Tuesday, August 3, 2010

Dear Dan

Dan,

Please email at and I will try to respond more personally.

Please remember when you comment on my blog, I have NO way to get back to you personally if you don't supply an email. That's why I include mine.

For those who have no idea what this is all about, please read Dan's comment after my prior post.

Dr. Rai's treatment is a mix of three string drugs, all known to have the potential to help both CLL and AHA, so it makes good sense in your case. When you say "salvage therapy" it suggests a need for some heavy lifting to clean out a big tumor burden.

Cyclosporin (CSP) has a very weak record in treating CLL (just some case reports and contradictory in vitro results), and sweet smelling rituximab (R) is the same sweet smelling rituximab in both protocols.

That said it, this much less potent combo of CSP and R than the Rai protocol worked like a champ for me in both controlling my CLL and ITP.

HDMP is a whole other treatment, pioneered by Dr. Kipps.

Dr Rai has a lot of wisdom and experience. I would be tempted to follow his lead.

Like I said, drop me an email and we can take this further.

Stay strong

Brian

Labels: ,

1 Comments:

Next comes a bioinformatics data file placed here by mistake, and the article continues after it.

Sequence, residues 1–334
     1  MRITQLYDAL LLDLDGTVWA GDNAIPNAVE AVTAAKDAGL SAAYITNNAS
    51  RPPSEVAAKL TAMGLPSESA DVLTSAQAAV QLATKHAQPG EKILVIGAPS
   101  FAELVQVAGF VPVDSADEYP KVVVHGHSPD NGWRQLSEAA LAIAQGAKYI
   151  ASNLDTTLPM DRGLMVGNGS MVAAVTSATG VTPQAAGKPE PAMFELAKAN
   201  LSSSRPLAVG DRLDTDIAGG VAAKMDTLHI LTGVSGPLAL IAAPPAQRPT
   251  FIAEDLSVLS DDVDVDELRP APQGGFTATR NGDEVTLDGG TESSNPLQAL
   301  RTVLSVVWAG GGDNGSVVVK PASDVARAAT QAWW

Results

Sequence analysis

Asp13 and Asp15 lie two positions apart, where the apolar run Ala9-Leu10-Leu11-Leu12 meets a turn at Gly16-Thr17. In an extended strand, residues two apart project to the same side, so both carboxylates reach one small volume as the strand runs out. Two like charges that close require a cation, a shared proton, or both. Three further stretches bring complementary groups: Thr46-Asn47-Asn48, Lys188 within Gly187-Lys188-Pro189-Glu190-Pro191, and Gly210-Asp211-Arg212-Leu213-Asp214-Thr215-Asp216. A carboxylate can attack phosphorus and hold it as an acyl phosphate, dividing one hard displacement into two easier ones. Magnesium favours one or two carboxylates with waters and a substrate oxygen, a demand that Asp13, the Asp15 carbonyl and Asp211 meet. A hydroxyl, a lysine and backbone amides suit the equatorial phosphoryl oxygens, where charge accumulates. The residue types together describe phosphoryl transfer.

Anonymous Anonymous said...

Certainly only Dan and his caregivers know for certain what dose of corticosteroids he was given along with R & C for his AIHA, but the so-called Rai protocol calls for use of 12 mg of dexamethasone for 7 days with each cycle.

While 12 mg of dexamethasone is a 'large' dose of a corticosteroid it is nowhere near the level that is given when HDMP (high dose methtly prednisolone) is employed as at UCSD. In those instances the dosage is 1,000 to 1,500 mg of methylprednisolone or more per day for one or more days.

I have noted this "misconception" about high dose steroids frequently when CLL patients and their caregivers post about their therapy. Patients often receive doses of 100mg or so of solumedrol (or equivalent) when they receive rituximab or ofatumumab. To be more correct, this should not be referred to as HDMP. This dose of steroid, especially when given as a single dose, is not that dramatically high and it's effects are relatively short lived.

I would be surprised if anyone outside of UCSD would give HDMP along with R and cyclophosphamide outside of any study protocol. The addition of cyclosporine to this would certainly add to the risks of opportunistic infections.

Incidentally, Dr. Rai et al eventually published data on more than 8 patients given the so called RCD protocol.

Most importantly... Good Luck Dan and remember to always 'look before you leap'


Brian's friend R

August 3, 2010 at 4:55 AM  

Post a Comment

Subscribe to Post Comments [Atom]

<< Home